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  • How do I hook these items up properly

    I have a xm-504z http://goo.gl/3yvdV and two Kappa perfect 12dvq http://goo.gl/DdFu3 with dual voice coils. How do I hook these up properly with what I have? Reading about the ohms doesn't make sense to me as there are many ways to hook this up. Also, my box is a dual 12 inch but each chamber is separate if that changes anything.

    Thanks


    Amp
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    Speakers
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    Last edited by berizzo; 05-10-2012, 04:09 PM.

  • #2
    So you are only going to use it as a sub amp?
    Since it only has 250W sub output (as a 3-speaket system), only 1 Kapa is needed.

    Just ensure the sub(s) is(are) wired as 4-Ohms or above. There are many sites that explain how to do this.
    [In summary, series connections ADD resistances. Parallel connections reduce resistances - eg, two parallel 4 Ohms = 2 Ohms, 4x parallel 4 Ohms = 1 Ohm.]

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    • #3
      Originally posted by OldSpark View Post
      So you are only going to use it as a sub amp?
      Since it only has 250W sub output (as a 3-speaket system), only 1 Kapa is needed.

      Just ensure the sub(s) is(are) wired as 4-Ohms or above. There are many sites that explain how to do this.
      [In summary, series connections ADD resistances. Parallel connections reduce resistances - eg, two parallel 4 Ohms = 2 Ohms, 4x parallel 4 Ohms = 1 Ohm.]
      Alright. I'm pretty much a noob when it comes to car audio. So, I should use this amp for the car speakers? And what would be the best type of amp to get for the two twelves? A 1 ohm amp for more power?*

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      • #4
        I'm not one to advise - I'm happy enough with my HU which is loud enough to overpower my tinnitus.

        I'd search for your car or type of music and match to what you want, and your budget.

        The extent of my advice is to use RMS values (ie, what I call RMS power and others call Continuous Power) and not get too carried away by specs & bullsh etc, though I'll often advise on batteries, caps, distribution, dual-batteries etc for bigger systems.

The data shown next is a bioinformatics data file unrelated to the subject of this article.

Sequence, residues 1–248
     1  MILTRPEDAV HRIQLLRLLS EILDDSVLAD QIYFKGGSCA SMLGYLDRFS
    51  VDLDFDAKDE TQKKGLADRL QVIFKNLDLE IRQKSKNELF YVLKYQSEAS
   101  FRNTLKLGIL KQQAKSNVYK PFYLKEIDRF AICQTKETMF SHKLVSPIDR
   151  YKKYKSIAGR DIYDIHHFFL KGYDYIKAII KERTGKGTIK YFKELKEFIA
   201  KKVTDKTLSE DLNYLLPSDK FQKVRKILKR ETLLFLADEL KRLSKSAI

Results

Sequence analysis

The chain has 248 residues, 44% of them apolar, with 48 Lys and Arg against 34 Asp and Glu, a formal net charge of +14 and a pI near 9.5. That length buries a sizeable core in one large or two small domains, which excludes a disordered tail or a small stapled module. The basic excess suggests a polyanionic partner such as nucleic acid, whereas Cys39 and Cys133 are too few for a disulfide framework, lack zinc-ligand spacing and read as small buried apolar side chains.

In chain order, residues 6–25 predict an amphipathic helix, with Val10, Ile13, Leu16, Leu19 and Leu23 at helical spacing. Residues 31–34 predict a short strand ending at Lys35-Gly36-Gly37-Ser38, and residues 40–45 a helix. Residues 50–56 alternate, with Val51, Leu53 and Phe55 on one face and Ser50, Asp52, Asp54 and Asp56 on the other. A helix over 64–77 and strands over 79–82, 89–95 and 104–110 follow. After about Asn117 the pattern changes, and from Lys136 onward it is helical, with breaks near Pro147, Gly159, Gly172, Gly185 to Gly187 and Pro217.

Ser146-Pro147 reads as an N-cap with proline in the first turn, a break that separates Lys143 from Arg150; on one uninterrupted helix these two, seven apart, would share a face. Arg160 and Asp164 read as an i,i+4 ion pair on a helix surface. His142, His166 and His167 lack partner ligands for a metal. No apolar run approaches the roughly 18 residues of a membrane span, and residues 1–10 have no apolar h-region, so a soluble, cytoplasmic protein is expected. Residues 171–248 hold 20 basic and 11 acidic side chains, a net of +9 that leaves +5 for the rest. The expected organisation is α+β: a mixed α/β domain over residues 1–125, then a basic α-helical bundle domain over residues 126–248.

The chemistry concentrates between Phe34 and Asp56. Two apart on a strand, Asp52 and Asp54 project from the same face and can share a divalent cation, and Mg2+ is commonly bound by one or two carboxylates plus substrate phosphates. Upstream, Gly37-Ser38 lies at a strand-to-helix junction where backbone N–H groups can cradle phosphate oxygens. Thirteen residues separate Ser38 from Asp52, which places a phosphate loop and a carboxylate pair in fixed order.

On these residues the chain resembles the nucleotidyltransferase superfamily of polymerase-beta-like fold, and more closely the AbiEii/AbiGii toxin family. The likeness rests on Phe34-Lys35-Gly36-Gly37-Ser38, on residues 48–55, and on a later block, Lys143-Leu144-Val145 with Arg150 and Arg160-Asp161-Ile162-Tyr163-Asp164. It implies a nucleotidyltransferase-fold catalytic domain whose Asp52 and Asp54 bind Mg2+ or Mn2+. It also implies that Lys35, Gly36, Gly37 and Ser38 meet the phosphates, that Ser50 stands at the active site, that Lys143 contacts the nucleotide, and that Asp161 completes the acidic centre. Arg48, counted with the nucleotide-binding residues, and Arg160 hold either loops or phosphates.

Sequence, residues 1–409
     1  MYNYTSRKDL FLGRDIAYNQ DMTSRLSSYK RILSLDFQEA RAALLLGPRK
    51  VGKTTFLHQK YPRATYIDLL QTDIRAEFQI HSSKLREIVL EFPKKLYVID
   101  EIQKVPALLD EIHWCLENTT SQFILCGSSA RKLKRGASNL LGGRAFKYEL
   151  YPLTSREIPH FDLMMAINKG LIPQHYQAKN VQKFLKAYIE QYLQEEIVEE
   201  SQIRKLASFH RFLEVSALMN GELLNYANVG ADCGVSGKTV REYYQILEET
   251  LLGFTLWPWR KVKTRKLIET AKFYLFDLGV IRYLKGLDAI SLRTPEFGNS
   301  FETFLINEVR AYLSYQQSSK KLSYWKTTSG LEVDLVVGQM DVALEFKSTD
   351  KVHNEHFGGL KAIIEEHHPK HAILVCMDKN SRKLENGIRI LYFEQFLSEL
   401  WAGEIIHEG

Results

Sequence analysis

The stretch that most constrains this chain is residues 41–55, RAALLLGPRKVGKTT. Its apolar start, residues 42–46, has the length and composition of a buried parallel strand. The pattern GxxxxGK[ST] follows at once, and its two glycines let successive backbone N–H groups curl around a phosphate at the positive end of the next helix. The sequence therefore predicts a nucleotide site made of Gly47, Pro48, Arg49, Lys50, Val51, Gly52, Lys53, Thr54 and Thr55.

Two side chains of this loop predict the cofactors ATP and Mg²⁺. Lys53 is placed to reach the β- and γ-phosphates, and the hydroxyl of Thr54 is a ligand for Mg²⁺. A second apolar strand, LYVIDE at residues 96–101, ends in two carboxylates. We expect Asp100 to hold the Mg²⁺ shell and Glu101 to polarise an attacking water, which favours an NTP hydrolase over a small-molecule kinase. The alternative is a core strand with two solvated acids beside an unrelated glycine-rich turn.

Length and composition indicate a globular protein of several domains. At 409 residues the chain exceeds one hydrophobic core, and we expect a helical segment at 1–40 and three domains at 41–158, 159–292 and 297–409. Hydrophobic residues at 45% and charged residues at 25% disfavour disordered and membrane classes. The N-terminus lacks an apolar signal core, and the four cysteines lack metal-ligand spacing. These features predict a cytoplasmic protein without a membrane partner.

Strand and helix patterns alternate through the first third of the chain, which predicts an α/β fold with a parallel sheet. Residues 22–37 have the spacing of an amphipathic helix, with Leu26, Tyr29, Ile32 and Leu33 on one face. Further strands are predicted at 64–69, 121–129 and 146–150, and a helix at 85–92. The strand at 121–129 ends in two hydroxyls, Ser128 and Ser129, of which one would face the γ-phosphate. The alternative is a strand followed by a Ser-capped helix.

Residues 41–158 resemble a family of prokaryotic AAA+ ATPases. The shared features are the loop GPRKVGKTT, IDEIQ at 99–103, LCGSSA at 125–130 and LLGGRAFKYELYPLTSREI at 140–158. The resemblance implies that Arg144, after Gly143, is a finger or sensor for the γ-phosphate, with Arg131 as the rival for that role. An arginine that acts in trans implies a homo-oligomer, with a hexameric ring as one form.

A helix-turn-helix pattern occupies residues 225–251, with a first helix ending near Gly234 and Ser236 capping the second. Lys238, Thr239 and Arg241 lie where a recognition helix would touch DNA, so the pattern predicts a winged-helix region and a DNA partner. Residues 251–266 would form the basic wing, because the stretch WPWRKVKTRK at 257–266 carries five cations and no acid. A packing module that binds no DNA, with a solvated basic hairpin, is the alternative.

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        • #5
          You actually need both Kapa's. Those are dual 4 ohm voice coil subs. So wire the two voice coils in series on the subs then put the two subs in parallel. That makes each sub an 8 ohm load and the two of them together a 4ohm load which is what your amp wants.

          Now, I suggest you get a different amp. That amp will severely under drive those subs.

          Are you planning on running your door speakers from an amp or the deck? If you have 4 speakers in your car that you want to power, use that amp for those and get a separate amp for your sub only. Something that has around 400 watts RMS at 2 ohms X2 or best yet, single channel 1 ohm stable with 400 watts. I'm not a huge fan of series wiring in speakers. Each voice coil colors the remaining sound.

          Comment


          • #6
            Originally posted by dmcdlrn View Post
            You actually need both Kapa's.
            only if he wants to run both and get a 4 ohm load.

            you don't need to run both voice coils if you really don't need to..
            My OLD 2001 Mitsubishi Eclipse GT:
            "The Project That Never Ended, until it did"


            next project? subaru brz
            carpc undecided

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            • #7
              I suppose. To me that's like buying a 4x4 and living in Las Vegas. Why drag the extra linkages around for nothing.

              Comment


              • #8
                Originally posted by dmcdlrn View Post
                I suppose. To me that's like buying a 4x4 and living in Las Vegas. Why drag the extra linkages around for nothing.
                Have you seen the area around Las Vegas
                Originally posted by Lincolnman
                Your English is fine, don't apologize. You're doing better than most Americans.

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                • #9
                  just like a four wheeler, it is for versatility in wiring.

                  you can also connect a pot to the unused coils and dampen the cone movement by varying the pot setting to change the 'tone' of the sub.
                  My OLD 2001 Mitsubishi Eclipse GT:
                  "The Project That Never Ended, until it did"